In the first part of this post I explained what a cloudlet is and how mobile applications can benefit from using this model. Now let’s discuss how application providers can take advantage of virtual application patterns to make sure their services can reach cloudlet users.
A virtual application pattern (VAP) defines components, links and policies that represent the installation, configuration and integration of middleware, along with the configuration of an application or group of applications that run together. In other words, a VAP defines the required resources and instructions for a service to be deployed autonomously on an application-centric cloud platform.
Application providers use patterns to offer users the possibility to easily set up a complex environment for an application, plus the application itself, as the VAP not only contains software but the application provider expertise on setting up the solution on a cloud.
If the cloudlet has the ability to deploy a VAP, resources could then be easily provisioned to support services as needed based on the same patterns that application providers use to deliver solutions on other cloud platforms, thus ensuring consistency among service providers.
For the pattern-powered cloudlet environment to be complete, two more requirements need to be met:
- The cloudlet needs to be able to accept requests from mobile devices to find out which application to deploy on demand.
- Mobile applications need to be location aware, so that latency-sensitive functions are enabled only when served from a local cloudlet.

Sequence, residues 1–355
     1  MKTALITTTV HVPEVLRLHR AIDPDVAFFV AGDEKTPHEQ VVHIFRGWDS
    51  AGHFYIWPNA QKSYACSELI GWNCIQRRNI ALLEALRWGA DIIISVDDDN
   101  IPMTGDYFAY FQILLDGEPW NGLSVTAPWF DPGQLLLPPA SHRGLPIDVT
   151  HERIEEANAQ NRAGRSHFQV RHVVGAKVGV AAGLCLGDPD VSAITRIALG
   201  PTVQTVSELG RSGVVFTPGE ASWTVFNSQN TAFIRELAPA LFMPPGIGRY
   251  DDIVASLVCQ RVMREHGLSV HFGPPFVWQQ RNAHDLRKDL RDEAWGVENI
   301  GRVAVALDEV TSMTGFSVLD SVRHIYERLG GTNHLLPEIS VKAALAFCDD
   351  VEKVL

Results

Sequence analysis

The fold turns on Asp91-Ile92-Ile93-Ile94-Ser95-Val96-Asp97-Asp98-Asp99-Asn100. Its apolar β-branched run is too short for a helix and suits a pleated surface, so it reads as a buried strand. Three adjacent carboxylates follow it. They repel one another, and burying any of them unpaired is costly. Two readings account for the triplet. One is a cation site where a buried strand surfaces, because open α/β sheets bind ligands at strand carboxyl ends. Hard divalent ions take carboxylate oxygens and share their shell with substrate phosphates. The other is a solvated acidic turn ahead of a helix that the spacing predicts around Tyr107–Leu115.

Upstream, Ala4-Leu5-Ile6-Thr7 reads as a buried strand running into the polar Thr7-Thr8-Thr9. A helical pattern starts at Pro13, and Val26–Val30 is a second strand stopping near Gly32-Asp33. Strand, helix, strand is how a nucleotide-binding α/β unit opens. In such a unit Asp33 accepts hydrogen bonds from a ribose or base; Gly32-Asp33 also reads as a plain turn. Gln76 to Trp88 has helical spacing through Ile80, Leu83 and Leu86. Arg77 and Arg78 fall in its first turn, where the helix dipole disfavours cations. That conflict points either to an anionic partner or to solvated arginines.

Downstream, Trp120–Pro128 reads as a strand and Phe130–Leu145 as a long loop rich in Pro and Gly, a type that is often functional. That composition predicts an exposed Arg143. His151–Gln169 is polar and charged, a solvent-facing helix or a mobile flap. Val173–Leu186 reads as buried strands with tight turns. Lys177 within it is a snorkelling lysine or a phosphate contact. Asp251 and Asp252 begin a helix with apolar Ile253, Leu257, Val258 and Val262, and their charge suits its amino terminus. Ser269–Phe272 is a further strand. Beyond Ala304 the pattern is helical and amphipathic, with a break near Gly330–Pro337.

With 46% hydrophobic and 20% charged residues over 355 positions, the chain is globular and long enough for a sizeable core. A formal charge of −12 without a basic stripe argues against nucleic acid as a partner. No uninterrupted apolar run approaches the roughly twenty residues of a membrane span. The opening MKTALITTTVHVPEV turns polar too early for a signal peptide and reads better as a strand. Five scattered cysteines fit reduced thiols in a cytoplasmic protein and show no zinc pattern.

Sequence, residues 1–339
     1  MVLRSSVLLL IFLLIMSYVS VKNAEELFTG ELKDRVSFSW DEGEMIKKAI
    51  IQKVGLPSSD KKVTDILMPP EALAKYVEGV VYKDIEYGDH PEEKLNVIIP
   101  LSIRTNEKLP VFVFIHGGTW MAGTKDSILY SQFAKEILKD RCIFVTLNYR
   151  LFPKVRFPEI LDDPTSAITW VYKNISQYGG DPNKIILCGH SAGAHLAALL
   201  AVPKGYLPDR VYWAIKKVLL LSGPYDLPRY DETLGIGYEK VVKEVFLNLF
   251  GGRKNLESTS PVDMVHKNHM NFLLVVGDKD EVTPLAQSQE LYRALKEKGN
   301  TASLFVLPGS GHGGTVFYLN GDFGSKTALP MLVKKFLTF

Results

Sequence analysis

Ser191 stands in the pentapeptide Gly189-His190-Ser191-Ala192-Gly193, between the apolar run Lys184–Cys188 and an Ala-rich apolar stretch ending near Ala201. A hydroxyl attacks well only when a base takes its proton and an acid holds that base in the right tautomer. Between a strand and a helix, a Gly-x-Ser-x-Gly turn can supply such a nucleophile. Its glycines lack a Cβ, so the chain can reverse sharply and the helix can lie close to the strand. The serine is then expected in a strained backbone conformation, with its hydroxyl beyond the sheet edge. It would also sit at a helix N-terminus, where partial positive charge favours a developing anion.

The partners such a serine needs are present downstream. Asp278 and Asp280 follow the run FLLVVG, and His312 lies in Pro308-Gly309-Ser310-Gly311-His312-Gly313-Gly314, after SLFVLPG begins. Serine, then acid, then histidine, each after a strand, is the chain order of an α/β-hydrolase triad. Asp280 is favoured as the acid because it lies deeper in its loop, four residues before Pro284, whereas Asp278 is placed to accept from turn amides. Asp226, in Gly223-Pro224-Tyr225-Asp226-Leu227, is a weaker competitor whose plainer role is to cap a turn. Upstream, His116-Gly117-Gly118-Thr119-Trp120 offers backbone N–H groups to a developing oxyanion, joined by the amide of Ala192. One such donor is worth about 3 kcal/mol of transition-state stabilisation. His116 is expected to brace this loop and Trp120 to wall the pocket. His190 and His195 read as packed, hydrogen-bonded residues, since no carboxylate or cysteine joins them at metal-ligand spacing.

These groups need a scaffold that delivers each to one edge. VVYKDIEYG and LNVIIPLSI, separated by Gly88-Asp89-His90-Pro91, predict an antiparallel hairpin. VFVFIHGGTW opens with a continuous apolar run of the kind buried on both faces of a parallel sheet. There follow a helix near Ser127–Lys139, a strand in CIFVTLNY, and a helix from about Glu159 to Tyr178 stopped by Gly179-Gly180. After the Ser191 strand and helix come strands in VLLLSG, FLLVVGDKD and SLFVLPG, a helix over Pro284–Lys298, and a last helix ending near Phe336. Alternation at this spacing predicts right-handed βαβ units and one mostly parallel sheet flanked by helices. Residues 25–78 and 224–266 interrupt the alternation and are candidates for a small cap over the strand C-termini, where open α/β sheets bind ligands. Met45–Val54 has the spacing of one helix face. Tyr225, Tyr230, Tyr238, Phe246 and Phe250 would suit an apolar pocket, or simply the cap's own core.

IBM PureApplication System could be a good starting point for a pattern-powered cloudlet:
- It’s integrated by design, so it comes with all the infrastructure components and provisioning mechanisms required for an optimized platform as a service (PaaS) environment in one box.
- Offers a simplified experience by integrating management of the entire system in a single console. A good step toward (but still far from) unsupervised management.
- Supports VAP to define application workloads, allowing the deployment of applications using the same patterns created for a public cloud service like SmartCloud Application Services.
- Access to platform management functions using the provided REST API makes it possible to create a service for mobile applications to request on demand application provisioning.
A pattern-powered cloudlet seems to be a viable way to encourage the development of resource-intensive, latency-sensitive mobile applications to provide an enhanced user experience. It will be interesting to see how application developers are going to use these capabilities.
What are your thoughts? Leave a comment below.